November 24, 1997
ARCHER-DANIELS-MIDLAND COMPANY, MARATHON OIL COMPANY, AND QUANTUM CHEMICAL COMPANY, COLLECTIVELY THE ILLINOIS INDUSTRIAL ENERGY CONSUMERS (IIEC), PETITIONERS-APPELLANTS,
ILLINOIS COMMERCE COMMISSION; CENTRAL ILLINOIS PUBLIC SERVICE COMPANY; AND CENTRAL ILLINOIS LIGHT COMPANY, RESPONDENTS-APPELLEES.
Petition for Review of an Order of the Illinois Commerce. Commission No. 96--345.
Justice Breslin delivered the opinion of the court. Michela and Slater, JJ., concur.
The opinion of the court was delivered by: Breslin
Justice BRESLIN delivered the opinion of the court:
Petitioners Archer-Daniels-Midland Company, Marathon Oil Company and Quantum Chemicals Company, collectively referred to as the Illinois Industrial Energy Consumers (IIEC), appeal an order of the Illinois Commerce Commission (Commission) which approved respondent Central Illinois Public Service Company's (CIPS) modification of a fuel supply contract pursuant to Section 8--508 of the Illinois Public Utilities Act (Act), 220 ILCS 5/1--101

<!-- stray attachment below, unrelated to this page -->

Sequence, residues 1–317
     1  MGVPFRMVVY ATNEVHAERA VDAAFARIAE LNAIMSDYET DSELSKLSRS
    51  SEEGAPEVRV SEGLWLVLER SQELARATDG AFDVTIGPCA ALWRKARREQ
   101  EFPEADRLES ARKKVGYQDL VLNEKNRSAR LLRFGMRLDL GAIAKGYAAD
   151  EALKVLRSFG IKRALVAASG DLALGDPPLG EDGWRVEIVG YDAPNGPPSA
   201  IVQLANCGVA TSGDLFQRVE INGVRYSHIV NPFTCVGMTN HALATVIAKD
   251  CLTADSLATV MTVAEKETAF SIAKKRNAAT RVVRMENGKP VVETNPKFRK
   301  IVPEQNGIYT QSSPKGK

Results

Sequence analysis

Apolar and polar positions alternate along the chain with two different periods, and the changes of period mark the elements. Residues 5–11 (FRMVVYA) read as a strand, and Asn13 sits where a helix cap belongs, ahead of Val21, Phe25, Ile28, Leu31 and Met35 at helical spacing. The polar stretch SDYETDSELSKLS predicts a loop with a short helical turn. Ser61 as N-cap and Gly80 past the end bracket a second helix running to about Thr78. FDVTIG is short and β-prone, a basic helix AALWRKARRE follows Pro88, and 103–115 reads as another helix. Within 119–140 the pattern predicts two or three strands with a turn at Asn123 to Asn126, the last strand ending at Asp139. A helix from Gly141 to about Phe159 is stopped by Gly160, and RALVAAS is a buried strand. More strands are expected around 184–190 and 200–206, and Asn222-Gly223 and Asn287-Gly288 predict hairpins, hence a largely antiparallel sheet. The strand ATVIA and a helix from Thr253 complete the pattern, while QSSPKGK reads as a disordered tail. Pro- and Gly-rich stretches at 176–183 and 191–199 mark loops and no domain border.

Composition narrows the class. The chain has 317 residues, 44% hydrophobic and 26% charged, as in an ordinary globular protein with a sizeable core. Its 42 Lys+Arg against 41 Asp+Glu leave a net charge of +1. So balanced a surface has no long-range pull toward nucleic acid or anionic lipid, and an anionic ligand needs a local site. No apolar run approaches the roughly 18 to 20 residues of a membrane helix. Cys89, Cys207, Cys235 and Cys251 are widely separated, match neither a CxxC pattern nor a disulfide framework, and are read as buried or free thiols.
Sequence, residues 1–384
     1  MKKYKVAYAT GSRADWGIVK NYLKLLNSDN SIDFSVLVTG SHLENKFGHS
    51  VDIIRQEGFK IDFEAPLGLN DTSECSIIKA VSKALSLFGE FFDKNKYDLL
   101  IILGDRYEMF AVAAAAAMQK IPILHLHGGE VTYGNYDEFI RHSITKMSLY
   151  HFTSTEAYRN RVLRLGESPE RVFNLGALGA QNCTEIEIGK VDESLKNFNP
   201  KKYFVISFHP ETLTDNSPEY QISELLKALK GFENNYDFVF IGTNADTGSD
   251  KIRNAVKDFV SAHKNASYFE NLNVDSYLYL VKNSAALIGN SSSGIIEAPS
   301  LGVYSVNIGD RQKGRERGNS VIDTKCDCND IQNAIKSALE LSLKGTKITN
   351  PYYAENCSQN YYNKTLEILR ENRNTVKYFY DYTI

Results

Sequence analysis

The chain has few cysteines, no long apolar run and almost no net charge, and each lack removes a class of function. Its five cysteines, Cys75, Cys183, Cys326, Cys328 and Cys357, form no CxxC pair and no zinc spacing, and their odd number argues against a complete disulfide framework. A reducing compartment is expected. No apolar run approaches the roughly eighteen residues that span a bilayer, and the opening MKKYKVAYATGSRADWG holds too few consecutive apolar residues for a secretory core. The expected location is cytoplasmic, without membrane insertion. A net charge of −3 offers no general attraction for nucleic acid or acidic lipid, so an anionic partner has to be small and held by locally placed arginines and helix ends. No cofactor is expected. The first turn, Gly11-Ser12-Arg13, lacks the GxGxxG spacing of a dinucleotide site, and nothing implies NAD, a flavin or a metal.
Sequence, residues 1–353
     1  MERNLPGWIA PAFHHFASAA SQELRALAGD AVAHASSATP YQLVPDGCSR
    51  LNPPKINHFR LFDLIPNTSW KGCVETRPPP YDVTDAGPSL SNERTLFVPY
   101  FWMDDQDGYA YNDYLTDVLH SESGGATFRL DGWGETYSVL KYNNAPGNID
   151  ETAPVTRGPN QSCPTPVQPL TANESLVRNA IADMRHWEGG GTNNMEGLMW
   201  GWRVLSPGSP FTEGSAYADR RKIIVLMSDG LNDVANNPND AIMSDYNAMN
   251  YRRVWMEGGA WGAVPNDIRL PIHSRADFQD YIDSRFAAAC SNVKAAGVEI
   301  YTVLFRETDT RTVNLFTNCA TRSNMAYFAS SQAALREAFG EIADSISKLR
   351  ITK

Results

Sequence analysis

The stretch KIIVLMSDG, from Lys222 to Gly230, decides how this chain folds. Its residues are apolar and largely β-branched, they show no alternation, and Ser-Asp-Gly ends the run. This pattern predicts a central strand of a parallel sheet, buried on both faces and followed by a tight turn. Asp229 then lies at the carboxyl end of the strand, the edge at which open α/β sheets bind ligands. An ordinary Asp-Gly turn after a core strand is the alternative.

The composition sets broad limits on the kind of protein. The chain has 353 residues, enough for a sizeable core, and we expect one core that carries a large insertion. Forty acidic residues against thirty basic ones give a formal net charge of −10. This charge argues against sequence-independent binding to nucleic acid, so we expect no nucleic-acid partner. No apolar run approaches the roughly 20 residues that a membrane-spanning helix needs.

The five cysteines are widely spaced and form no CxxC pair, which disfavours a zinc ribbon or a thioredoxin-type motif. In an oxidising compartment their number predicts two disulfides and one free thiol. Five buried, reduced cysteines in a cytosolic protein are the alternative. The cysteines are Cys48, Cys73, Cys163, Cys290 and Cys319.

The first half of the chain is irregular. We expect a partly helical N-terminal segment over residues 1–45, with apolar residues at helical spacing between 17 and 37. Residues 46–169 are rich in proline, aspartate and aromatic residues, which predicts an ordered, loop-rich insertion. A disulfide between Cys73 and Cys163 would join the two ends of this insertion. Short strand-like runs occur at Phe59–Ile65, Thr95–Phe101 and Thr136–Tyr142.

et seq. (West 1996). On appeal, the IIEC contests the Commission's findings, as well as its authorization for CIPS to recover a $70 million fuel contract buy-out charge and associated carrying charges through CIPS's Fuel Adjustment Clause (FAC). For the reasons which follow, we reverse.
This case follows the Commission's approval of CIPS's plan to address an inefficient coal supply contract and corrosion at its CPS Newton 1 generating unit. In 1975, CIPS and AMAX Coal Company entered into a long-term high-sulfur coal supply contract. Through the years, the contract, which the parties refer to as the Delta Mine Contract, had been amended from time to time, with the most recent amendment occurring in 1991.